Grantland’s Zach Lowe explores the strange case of Tennessee’s jock tax, which unlike most such taxes — which are meant to grab a share of salaries earned by visiting athletes playing in your state — is a flat $2,500 per game, up to a maximum of three games a year. And it only applies to NBA and NHL players. And, in a case of Grantland burying the lede a bit, the tax doesn’t actually go to Tennessee at all:
Except the money doesn’t go to the state — another of Tennessee’s jock tax quirks. It goes to the operators of the [Memphis] Grizzlies‘ arena, who happen to also own the franchise, Klempner says. The state doesn’t see a dime, at least not directly. The theory is that arena operators will use the extra cash to spruce things up, draw more celebrated acts, and spend in other ways that will ultimately bring more visitors and money to the Memphis area.
“The state is collecting this money on behalf of a private entity,” [interim head of the NBA players' union Ron] Klempner says.
The Tennessee jock tax, which also benefits the operators of the Nashville Predators arena (who are, surprise, surprise, the owners of the Predators), was first created in 2009 under somewhat mysterious circumstances: contemporary reports don’t mention that the money would go to the arena operators rather than the state. NBA and NHL players have been griping about the tax ever since, though, and it’s no doubt more of those complaints, from Klempner among others, that prompted this latest Grantland story.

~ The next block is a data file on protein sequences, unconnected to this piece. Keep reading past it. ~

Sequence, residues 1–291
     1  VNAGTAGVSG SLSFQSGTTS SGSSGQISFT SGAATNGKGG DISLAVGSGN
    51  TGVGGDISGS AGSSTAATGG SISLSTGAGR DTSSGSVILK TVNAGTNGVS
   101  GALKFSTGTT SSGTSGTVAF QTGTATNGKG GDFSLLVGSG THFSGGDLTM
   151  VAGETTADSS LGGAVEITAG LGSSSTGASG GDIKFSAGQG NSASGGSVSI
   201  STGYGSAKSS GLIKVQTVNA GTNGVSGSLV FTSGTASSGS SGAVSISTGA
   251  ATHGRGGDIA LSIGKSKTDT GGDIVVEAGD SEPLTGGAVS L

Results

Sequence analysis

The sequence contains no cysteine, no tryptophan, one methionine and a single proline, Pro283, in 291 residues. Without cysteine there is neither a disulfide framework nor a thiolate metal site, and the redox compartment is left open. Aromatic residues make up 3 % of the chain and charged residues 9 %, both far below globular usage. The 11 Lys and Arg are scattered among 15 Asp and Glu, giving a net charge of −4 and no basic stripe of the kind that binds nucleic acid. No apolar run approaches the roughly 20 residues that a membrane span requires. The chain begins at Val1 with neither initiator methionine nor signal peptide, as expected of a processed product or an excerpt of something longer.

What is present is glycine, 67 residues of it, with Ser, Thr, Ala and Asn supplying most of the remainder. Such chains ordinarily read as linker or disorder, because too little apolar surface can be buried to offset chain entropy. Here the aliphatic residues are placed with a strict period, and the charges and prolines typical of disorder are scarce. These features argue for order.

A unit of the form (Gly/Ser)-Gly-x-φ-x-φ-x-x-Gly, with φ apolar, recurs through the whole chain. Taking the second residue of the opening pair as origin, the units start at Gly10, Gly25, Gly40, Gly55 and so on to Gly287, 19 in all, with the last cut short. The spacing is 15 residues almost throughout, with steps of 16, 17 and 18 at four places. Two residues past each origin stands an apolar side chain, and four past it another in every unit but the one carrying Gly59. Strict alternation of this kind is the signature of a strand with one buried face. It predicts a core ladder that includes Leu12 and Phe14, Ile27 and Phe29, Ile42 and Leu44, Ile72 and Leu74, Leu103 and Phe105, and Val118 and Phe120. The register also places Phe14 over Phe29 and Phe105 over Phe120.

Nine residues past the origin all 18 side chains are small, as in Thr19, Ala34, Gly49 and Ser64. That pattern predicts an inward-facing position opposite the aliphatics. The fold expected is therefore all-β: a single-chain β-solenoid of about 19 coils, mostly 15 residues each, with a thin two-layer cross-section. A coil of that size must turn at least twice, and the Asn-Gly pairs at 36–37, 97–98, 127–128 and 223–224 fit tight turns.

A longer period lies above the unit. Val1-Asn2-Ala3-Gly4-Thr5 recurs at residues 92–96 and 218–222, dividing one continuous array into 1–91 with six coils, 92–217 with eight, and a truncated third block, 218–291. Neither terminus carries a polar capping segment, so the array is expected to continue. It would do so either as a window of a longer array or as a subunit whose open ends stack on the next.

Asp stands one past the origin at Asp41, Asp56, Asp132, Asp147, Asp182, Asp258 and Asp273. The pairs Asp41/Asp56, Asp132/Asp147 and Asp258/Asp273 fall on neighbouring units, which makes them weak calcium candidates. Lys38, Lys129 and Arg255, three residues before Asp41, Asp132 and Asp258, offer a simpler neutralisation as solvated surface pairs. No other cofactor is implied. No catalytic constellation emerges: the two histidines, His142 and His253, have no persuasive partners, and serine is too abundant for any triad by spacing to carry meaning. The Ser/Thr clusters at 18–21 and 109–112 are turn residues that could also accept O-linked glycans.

It probably shouldn’t be surprising, in any case, given that Tennessee elected officials already gave the Grizzlies owners a non-compete clause that let them drive a neighboring city-owned arena out of business, plus accidentally gave them a parking garage, and gave the Predators owners $2 million a year in sales tax subsidies without telling their city landlords. Maybe Tennessee newspapers might want to start reading the fine print before these deals are actually signed into law, you think?